If you set your dogs or your family upon me, I shall react
As I deem fit without uttering a word
If you drag me to court I would rather goto Jail,
Than ever to speak another word to you
I'm out of words out of disgust out of you
I'm out of this back and forth passing of hatred
I'm out of this mess, you should get out too
and turn the volume all the way down when you do
by - suraj sharma on Sunday, February 23, 2014
when the comets lit backwards in their orbits rotate
and the stars start wars over who's who's fate
let us lick sunshine dripping over fruits we once ate
and allow the moon to in its fullness lactate
if you're lulled and confused let me recapitulate
you were once like me when you didn't hesitate
but a waxing venus weaned you off martian nature innate
and you chose to love what love wanted to debate
you turned television on and saw order separate
from chaos which churned pleasure with a pain too great
and you watched the cogs unwinding in machines gyrate
you saw children suffer, starve and dehydrate
Don't be fooled by my freedom, rhyme is my restraint,
and don't fool yourself into thinking you'll ever levitate
No, you can only elevate from being an uxorious primate
To being a traveller hopping across another's nation-state
So listen, this is the only way you will ever satiate,
Learn to love your fellow fiends more than friends reprobate
and once weekly lest you become everyone you hate,
masturbate men, masturbate.
by - suraj sharma on Tuesday, January 28, 2014
The broken breath of a slave struggling daily
Escaped with the words, "Delhi is not yet dead",
Heard the prostrated spines leaking metal at the bailey,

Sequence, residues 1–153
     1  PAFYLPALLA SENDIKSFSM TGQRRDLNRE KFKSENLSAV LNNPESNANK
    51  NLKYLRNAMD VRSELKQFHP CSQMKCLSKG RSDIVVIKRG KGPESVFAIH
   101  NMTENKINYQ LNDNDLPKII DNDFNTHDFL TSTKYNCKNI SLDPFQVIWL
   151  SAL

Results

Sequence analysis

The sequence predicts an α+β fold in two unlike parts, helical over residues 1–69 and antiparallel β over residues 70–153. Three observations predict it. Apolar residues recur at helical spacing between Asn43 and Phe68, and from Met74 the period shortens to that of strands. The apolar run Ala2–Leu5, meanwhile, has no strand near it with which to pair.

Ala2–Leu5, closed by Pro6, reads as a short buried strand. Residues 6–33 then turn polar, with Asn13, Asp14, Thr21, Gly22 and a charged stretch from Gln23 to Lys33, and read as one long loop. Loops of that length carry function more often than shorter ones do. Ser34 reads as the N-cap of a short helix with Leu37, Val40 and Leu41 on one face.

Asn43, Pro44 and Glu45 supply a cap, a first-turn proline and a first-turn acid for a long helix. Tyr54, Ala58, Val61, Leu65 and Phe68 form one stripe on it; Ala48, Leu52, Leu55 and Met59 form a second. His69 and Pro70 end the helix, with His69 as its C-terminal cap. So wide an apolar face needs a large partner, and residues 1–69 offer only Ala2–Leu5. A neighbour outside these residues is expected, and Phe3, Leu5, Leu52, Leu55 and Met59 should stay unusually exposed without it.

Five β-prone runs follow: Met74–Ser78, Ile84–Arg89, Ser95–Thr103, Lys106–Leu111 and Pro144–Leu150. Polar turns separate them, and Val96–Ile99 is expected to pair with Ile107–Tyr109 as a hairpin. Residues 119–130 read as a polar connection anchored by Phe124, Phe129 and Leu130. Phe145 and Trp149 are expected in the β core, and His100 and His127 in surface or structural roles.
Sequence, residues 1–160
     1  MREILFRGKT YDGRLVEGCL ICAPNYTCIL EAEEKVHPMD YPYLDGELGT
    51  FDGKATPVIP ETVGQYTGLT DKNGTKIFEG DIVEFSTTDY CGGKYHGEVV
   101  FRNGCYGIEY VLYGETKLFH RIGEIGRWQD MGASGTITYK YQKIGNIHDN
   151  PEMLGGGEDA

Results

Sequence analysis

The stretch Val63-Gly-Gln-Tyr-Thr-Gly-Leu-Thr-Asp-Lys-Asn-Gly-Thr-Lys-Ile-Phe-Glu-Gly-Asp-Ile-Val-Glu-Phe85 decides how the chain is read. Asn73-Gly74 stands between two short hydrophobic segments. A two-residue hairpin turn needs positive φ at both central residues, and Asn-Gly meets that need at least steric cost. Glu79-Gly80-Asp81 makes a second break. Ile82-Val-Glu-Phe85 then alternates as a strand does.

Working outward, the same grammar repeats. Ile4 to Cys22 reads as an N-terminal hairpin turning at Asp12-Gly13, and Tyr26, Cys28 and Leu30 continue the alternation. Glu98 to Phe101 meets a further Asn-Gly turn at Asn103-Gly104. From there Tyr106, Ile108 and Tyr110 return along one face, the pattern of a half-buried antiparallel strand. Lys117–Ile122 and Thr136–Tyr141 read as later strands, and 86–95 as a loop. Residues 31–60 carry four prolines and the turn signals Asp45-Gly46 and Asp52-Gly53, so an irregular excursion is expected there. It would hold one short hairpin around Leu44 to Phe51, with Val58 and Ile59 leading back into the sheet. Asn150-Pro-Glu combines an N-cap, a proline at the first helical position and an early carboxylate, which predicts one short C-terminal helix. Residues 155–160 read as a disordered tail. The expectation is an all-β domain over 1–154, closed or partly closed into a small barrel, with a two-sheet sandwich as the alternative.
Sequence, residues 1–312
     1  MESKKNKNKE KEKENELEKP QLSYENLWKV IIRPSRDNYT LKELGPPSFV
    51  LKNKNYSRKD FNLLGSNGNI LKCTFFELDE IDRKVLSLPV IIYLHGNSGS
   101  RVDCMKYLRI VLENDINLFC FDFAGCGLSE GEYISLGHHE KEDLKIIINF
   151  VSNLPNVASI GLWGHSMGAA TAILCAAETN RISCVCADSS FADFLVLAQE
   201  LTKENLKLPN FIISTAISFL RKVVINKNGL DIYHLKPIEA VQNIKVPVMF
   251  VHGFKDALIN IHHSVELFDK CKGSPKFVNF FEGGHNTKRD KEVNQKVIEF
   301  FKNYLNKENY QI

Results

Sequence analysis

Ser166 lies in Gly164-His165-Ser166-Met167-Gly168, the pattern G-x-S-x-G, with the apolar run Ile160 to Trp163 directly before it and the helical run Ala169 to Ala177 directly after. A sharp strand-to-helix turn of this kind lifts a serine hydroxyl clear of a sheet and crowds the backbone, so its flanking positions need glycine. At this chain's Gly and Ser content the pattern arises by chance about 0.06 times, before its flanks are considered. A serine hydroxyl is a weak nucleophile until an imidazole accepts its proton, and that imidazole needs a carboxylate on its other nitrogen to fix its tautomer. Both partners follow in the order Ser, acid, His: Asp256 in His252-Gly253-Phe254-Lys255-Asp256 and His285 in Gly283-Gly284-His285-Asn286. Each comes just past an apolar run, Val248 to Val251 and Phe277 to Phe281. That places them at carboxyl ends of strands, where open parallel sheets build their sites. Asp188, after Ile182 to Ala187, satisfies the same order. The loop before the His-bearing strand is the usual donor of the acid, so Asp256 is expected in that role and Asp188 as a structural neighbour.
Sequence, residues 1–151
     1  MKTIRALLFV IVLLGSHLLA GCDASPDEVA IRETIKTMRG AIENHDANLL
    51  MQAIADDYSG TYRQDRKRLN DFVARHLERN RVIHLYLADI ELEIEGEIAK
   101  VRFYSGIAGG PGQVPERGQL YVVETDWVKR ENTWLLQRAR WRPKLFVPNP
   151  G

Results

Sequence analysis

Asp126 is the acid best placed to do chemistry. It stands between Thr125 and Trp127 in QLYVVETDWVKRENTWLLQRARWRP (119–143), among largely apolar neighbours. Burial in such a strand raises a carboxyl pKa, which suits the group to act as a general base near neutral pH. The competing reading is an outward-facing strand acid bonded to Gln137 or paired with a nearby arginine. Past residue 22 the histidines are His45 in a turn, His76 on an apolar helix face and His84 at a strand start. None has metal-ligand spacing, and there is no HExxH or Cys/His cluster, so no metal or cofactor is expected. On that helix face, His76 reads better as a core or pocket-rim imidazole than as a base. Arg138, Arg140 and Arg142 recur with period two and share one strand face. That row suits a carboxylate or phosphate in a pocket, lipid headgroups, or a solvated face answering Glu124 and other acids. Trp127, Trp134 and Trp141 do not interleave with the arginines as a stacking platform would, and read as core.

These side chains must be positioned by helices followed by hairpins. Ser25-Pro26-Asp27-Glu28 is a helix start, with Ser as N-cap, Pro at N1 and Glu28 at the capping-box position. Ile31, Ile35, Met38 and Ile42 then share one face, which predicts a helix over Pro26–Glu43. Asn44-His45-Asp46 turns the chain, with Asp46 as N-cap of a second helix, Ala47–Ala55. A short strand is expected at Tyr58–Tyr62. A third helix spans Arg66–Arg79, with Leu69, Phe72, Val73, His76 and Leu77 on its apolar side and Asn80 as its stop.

"Be quick, reach Delhi and settle scores in the red!"
An exhumed emotion that once slayed soothsayers
Resurrects to challenge usury on failure compounded,
Warns all glib gilded by the creamiest of layers,
On thrones usurped shall now sit forever hounded
Let a wild neigh out, tonight on everest complex
Pull the bridle, let the muscle meet metal, seek gore!
Watch the competition writhe, squirm, scribble and vex,
See their bleeding fort stand victorious, no more!
by - suraj sharma on Saturday, January 25, 2014
"Specialisation", the famous American Science Fiction author Robert A. Heinlein proclaimed, "is for insects", yet no modern education is complete without a specialisation because little creative synthesis can be mined without descending down the hierarchy of human knowledge. While the division of knowledge into specialties, sub-specialties and super specialties of mental and manual labor makes economic sense and even though this division is rational and superior to any undifferentiated system of human enterprise, it is also the cause of anomie and alienation because knowledge is great.
Indeed, as with all things in life this greatness of knowledge is also relative. Knowledge is Great because it is (1) greater than the sum of its specialised subdivisions and (2) greater than the scope of a singular human lifespan.
Correspondingly, when the people realise that: (1) what they know is a only a tiny fraction of what is out there and (2) that try as they might, they never can know it all, a deep dissatisfaction develops among them as members of a naturally and terminally curious species. Moreover, because knowledge and work often travel in tandem, this dissatisfaction resulting from the impossibility of attaining perfect knowledge is often carried forward, infecting the specialist's work and its ultimate output with an ideology that pervades much of the material world today.
Call it an overstatement if you will, but even the Oxford Martin Commission for Future Generations agrees that this ideology of discounting effort towards long term goals (because the long term is uncertain and requires thinking in terms of an increasingly incomplete and therefore imperfect knowledge) is the primary cause of global financial crisis, terrorism, poverty, procrastination, unemployment, diseases and maybe even dandruff.
We might have varying definitions of the scope of perfection, but there few exceptions to the generalisation that humans seek forever higher ideals, and when these ideals seem unattainable, we change them to something attainable, settling for a little less than the absolute possible in the process. The focus on short and medium term is rife while the attention to longer term suffers. Specialisation is to be blamed for this short-termism.